A great addition to every little princess’s book collection.


Wednesday, 25 July 2018

Waiting for the Night


Waiting for the Night by Julie Thorndyke, illustrated by Anna Seed (IP Kidz) HB RRP $26.00 ISBN: 9781925231519

Reviewed by Dannielle Viera

‘Magic comes at night’ for Australia’s many nocturnal creatures. As dusk falls across the landscape, animals and birds await the cover of darkness before stirring from their slumber. The flying fox clings to the branch, ‘wrapped in soft wings’, while possums are curled up ‘well out of sight’. Torch in hand, a little boy sees the night come to life as eyes twinkle at him from every direction.

Waiting for the Night is a gentle rhyming story for children aged eight and under. With tranquil text that reflects the dreamy nature of the creatures before the sun goes down, this is an ideal book for bedtime reading. Julie Thorndyke beautifully blends real-life observations of Australian native animals and birds with captivating imagery, ensuring that her characters are authentic yet appealing.

Anna Seed’s full-spread colour illustrations support and augment the text admirably. From the olive green of bush foliage and the vibrant red of the Sturt’s desert pea to the stunning oranges streaking across the background at sunset, Anna has expertly captured the unique tones of various Australian environments. Her subtle change in sky colour from image to image as day becomes night is superb, while her renditions of fauna successfully tread the fine line between realism and idealism.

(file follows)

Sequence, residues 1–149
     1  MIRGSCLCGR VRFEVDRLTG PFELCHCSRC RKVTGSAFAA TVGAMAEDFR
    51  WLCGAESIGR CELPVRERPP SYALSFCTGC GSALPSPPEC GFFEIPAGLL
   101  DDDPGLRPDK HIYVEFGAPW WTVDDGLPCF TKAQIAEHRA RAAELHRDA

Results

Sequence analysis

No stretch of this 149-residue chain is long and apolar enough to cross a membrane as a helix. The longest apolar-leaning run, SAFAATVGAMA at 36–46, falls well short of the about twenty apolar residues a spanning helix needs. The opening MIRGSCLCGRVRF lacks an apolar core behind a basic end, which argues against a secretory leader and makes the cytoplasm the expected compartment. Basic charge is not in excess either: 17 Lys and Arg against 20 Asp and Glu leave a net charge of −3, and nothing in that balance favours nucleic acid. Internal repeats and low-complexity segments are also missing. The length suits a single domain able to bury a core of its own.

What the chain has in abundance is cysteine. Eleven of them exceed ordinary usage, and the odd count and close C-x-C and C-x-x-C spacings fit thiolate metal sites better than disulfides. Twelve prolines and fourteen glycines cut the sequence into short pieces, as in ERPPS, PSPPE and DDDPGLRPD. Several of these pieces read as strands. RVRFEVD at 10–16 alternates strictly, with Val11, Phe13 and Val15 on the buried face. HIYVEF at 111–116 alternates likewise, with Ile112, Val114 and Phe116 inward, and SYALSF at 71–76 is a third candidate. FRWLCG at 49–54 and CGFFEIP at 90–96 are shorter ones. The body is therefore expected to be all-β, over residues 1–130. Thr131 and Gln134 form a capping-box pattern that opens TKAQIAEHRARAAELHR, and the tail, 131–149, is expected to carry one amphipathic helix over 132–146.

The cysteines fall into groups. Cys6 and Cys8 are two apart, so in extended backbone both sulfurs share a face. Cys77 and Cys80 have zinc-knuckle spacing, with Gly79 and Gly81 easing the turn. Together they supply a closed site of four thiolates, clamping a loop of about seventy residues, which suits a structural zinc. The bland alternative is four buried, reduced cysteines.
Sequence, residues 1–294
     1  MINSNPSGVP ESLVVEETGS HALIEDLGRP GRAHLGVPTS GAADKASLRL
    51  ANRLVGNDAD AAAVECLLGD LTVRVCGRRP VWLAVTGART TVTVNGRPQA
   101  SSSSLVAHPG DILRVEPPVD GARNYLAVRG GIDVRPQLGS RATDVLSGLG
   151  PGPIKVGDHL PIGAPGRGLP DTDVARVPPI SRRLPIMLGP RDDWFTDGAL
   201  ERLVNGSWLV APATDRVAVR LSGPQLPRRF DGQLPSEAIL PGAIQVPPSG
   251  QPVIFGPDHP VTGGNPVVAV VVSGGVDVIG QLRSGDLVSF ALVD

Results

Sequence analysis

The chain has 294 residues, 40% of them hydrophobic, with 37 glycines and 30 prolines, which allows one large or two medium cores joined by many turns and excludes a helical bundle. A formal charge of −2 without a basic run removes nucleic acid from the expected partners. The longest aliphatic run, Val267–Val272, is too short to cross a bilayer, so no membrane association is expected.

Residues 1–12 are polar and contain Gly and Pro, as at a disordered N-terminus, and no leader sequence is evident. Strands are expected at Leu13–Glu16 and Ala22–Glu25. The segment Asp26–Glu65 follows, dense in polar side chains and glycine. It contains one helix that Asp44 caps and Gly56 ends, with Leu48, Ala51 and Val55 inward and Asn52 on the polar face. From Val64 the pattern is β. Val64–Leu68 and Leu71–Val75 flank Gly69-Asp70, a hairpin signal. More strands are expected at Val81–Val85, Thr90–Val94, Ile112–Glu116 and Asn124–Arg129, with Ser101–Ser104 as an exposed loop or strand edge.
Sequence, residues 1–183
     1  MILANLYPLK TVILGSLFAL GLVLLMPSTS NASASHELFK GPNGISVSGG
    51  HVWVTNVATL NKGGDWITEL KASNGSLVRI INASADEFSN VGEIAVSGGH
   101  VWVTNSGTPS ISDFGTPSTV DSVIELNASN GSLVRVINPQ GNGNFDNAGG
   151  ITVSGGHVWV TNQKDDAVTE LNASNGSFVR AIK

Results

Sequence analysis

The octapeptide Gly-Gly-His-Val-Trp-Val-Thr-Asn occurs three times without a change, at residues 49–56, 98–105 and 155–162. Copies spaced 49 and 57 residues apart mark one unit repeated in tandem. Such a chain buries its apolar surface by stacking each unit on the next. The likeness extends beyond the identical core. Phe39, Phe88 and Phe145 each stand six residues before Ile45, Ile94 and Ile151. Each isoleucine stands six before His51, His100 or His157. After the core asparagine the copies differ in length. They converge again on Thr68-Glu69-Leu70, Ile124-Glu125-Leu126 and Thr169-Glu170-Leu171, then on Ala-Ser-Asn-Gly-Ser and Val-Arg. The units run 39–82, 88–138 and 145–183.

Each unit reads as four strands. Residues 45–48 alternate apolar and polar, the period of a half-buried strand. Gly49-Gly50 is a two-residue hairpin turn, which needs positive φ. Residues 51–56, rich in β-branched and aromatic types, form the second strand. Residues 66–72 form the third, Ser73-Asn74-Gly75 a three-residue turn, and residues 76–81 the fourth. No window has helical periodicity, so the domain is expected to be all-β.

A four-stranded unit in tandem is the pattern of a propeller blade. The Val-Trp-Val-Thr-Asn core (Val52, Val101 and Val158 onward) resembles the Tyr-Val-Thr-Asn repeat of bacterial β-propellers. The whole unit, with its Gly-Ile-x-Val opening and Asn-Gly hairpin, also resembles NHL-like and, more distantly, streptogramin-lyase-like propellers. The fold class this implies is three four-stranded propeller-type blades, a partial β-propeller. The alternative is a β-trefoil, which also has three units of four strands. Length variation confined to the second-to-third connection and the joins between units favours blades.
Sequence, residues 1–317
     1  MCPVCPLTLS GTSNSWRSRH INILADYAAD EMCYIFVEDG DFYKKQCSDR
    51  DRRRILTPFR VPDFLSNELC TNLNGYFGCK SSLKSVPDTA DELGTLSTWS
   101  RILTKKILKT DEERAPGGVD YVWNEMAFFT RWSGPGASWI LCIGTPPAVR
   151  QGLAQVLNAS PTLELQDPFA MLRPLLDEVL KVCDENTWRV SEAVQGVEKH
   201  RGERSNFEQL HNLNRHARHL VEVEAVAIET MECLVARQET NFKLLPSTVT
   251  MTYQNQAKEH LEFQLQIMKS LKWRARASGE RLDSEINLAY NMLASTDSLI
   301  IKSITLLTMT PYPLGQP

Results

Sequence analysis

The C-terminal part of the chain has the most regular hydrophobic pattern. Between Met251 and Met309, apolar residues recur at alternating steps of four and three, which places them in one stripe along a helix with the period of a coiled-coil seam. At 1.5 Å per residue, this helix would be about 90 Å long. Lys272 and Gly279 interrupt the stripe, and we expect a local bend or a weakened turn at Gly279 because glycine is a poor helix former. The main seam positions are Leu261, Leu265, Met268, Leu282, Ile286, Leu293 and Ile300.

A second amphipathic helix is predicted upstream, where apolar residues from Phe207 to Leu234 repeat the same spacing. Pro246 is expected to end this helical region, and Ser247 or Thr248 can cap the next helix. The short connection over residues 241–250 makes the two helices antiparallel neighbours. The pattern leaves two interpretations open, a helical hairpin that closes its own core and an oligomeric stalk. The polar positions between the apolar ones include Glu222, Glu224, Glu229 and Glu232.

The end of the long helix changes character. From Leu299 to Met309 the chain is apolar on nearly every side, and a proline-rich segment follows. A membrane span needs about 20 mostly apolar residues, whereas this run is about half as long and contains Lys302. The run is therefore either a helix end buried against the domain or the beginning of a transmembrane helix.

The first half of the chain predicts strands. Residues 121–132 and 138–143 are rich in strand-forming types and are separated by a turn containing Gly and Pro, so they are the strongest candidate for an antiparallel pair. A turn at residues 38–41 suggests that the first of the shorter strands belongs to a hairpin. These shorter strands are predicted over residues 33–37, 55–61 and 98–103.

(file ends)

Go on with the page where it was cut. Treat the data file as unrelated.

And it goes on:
The pairing of simple, rhythmical text and calm illustrations makes this book the perfect choice for reading aloud to youngsters before they go to sleep. As they drift off, children are sure to enjoy pleasant dreams about the countless charming creatures that are ‘waiting for the night’.

Sunday, 15 July 2018

Buzz Words Achievers


Augustus Brown by Margaret Pearce is a rhyming picture book illustrated by 13-year-old Xanthe Turner and published by Turner Books. It is a poem about a pet spider. As most mothers have a bias against spiders Augustus had to settle to only being a fantasy pet. This is not a disappointment as interesting things happen and keep on happening with a fantasy spider that is the cutest pet around. The book is available on Amazon, Booktopia, Fishpond, Angus & Robertson, Barnes and Noble. It is official released in August 2019.



Julie Thorndyke’s
 first children’s picture book Waiting for the Night, with illustrations by Anna Seed, has been published by Interactive Press. A review of it by Dannielle Viera will appear in www.buzzwordsmagazine.com on 25 July.



Kate Simpson's debut picture book, Finding Granny was released this month through EK Books. Finding Granny is beautifully illustrated by Gwynneth Jones and tells the story of a special relationship between a grandmother and granddaughter that is turned on its head when Granny has a stroke.



Congratulations to Jo Mularczyk who entered the recent Short short short story competition (21 words) run by the Australian Writers’ Centre. They received almost 1000 entries, so naturally Jo was thrilled to have two of her entries placed in the list of finalists and one named among the five winners included in their newsletter.